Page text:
Robin V. Wish - Real Living Suburban Lifestyle Real Estate



Posted by Robin V. Wish on 5/4/2020

Photo by Doubletree Studio via Shutterstock

Interest rates rise in correlation to inflation and other economic activity. When that happens, it can increase housing costs. But the question is, should it prompt you to buy sooner than youíre ready?

The Right Time Is Now

In real estate, the right time is always now for someone. Is it the right time for you? Thereís more to determine than interest rates. 

Hereís how to break it down:

  • Rising interest rates: as interest rises, even a quarter of a point increase can add more than $10,000 to a two hundred-thousand-dollar mortgage. If you can lock in the lower rate, youíll save nearly thirty dollars each month over the life of the loan.
  • Rising housing prices: In addition to the increase in interest rates, as housing prices trend upward, the combination can push you out of contention for certain homes. If youíre on the fence about buying but know where you want to live and what you want to pay, what you know now is more useful than speculating on what might be later.
  • Changes in the tax laws: Recent changes mean that writing off interest is limited, but your standard deduction probably offsets it. Work with your tax advisor to see if a mortgage improves your tax situation, remains neutral, or increases your outgo.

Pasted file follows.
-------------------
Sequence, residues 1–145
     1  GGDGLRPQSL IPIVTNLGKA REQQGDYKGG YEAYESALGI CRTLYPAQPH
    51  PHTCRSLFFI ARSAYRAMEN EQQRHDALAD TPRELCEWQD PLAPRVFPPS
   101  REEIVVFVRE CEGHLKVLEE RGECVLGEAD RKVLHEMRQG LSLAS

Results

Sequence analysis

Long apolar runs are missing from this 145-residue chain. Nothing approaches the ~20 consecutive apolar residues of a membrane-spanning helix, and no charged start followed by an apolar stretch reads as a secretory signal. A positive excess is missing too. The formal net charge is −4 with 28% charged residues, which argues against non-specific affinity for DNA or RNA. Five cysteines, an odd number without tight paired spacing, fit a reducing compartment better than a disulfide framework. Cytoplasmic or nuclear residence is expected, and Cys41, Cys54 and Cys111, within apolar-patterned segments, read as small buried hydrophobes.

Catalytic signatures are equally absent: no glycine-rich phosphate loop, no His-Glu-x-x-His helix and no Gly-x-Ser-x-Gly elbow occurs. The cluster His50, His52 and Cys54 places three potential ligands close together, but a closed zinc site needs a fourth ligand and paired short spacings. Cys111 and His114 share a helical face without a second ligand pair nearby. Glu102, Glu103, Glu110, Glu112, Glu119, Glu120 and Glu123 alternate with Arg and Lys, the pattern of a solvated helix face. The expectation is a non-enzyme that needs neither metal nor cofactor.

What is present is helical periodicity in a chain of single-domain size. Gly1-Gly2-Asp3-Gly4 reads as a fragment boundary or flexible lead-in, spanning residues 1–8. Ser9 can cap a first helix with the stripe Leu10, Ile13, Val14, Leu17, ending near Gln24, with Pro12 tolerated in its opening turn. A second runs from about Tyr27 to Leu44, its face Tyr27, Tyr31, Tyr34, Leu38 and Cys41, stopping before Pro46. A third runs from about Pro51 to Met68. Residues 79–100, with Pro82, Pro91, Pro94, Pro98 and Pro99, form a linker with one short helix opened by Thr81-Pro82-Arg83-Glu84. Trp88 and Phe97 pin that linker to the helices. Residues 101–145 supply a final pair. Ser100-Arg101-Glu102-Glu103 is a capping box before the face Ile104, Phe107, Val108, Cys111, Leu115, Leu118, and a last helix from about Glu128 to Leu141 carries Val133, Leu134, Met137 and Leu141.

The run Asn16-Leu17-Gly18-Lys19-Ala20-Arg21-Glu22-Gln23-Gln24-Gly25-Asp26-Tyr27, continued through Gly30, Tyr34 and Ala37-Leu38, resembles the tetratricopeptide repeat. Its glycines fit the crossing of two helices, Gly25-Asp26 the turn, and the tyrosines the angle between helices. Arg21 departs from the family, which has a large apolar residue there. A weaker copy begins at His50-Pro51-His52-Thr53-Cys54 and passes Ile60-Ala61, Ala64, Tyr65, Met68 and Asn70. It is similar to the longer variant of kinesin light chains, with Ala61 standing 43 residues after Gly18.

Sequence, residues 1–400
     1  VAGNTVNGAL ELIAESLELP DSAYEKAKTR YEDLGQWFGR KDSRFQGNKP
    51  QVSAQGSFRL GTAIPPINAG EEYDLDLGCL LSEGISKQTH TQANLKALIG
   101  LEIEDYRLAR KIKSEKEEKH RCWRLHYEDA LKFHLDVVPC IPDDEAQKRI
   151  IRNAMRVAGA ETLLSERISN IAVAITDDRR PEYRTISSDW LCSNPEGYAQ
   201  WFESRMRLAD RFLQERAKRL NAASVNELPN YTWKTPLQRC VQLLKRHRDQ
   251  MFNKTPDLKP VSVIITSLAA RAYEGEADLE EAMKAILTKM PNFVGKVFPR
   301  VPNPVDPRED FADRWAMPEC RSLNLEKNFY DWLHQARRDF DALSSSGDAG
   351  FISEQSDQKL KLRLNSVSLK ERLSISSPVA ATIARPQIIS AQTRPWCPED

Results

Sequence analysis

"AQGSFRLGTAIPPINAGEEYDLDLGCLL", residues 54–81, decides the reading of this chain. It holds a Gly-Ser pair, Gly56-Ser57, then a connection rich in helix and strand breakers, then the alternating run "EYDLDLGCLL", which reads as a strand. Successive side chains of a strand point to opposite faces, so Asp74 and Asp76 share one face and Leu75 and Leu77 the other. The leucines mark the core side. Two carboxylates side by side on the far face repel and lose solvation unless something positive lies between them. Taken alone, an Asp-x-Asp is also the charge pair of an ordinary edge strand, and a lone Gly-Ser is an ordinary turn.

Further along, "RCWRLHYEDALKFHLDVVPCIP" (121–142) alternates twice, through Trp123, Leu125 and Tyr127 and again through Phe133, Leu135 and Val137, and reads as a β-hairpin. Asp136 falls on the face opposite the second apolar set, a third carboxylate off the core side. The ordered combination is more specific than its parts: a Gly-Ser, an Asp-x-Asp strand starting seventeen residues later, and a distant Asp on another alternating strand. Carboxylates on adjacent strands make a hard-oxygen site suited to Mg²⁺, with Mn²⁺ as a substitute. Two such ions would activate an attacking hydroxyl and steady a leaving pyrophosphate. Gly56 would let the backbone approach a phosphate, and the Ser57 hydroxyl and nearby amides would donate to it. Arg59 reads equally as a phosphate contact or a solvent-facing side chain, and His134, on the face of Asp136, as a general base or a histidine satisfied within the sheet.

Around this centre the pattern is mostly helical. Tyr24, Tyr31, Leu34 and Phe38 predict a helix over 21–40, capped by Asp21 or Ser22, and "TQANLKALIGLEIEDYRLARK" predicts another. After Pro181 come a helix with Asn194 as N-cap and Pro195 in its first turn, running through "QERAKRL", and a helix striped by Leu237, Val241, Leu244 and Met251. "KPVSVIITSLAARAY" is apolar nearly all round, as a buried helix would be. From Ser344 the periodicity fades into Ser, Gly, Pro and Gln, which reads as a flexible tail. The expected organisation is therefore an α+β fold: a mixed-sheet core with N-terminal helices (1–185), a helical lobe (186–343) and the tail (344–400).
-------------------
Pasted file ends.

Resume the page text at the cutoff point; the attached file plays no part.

• Down payment savings: As prices go up, the amount you need for a down payment goes up too. If you currently have the cash you need to lock in the home you want, you might not want to wait.
  • Know your expenses: Buying a house locks you in for the life of the loan or until you sell it. So, if youíre in need of a new car, or have another large expense coming down the pike, calculate it into your monthly budget what youíll need to handle those expenses as well as your mortgage payment. Avoid stretching yourself so thin that your house payment becomes a burden.
  • Review your employment stability. Is there a chance youíll move away? Change jobs? Retire? Many of the benefits of homeownership come after the first five or six years when youíve mostly recovered the closing costs with the rising equity. If your intention is to move sooner than that, consider buying now with the intention to turn the property into a rental, or wait until youíre more settled in your location.

The bottom line is that itís your bottom line that matters. Just because interest rates rise doesnít mean you should jump into ownership before youíre ready. But donít let it stop you either. Discuss your plans with your real estate professional. They have a finger on the pulse of the market to help you time when a purchase is right for you.




Tags: Mortgage   Interest rates  
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